7. Flushing Meadows-Corona Park Used To Be Called the Corona Ash Dump

Corona Ash Dump. Photo from New York City Parks Photo Archive.

In literature, the Corona Ash Dump was immortalized and romanticized by F. Scott Fitzgerald in The Great Gatsby as the “valley of ashes.” It was where the city’s coal burning refuse–the ash–was taken, along with garbage. On a former marshland rose dusty, high mounds (one at 100 feet was dubbed Mount Corona) through which the Long Island Railroad ran, along with Grand Central Parkway. Scavenging by both humans and rats was a common occurrence.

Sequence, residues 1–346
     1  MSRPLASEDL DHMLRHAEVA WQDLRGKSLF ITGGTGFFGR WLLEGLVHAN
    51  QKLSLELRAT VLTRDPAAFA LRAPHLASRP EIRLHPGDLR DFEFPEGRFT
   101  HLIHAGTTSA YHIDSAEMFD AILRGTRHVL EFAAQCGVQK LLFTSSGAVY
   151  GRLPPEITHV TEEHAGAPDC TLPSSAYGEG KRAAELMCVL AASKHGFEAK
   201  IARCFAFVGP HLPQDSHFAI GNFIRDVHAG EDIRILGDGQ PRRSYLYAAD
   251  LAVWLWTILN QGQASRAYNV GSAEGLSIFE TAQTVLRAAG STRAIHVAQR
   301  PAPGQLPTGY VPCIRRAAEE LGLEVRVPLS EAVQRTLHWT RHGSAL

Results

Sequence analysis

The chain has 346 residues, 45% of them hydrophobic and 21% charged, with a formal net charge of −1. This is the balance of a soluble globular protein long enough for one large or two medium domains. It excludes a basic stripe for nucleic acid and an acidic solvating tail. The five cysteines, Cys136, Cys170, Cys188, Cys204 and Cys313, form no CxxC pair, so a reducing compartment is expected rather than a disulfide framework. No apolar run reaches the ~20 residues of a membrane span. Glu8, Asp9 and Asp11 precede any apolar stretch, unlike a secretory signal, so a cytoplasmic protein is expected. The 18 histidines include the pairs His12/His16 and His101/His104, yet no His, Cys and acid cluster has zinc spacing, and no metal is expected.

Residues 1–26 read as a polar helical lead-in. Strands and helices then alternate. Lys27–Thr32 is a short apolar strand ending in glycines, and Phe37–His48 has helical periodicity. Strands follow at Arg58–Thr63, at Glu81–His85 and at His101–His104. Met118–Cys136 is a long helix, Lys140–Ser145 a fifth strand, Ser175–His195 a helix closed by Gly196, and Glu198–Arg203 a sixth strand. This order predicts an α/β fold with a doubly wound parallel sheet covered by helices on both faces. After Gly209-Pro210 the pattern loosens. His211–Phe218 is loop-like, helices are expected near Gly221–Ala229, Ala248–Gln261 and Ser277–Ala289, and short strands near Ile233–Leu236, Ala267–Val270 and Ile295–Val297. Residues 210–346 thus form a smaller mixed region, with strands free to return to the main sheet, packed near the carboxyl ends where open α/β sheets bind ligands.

The Corona Ash Dump was an eyesore for the wealthy commuters coming in from the Gold Coast and like many other undesirable areas targeted by Robert Moses, the Corona Ash Dumps would undergo a massive transformation. Residents and businesses would be evicted and a high-profile event–the 1939 World’s Fair–would hasten changes. As reported by Urban Omnibus, “In creating a monumental park out of the Corona Ash Dumps, Moses likened himself to the prophet Isaiah in his quest to ‘Give unto them beauty for ashes.'”

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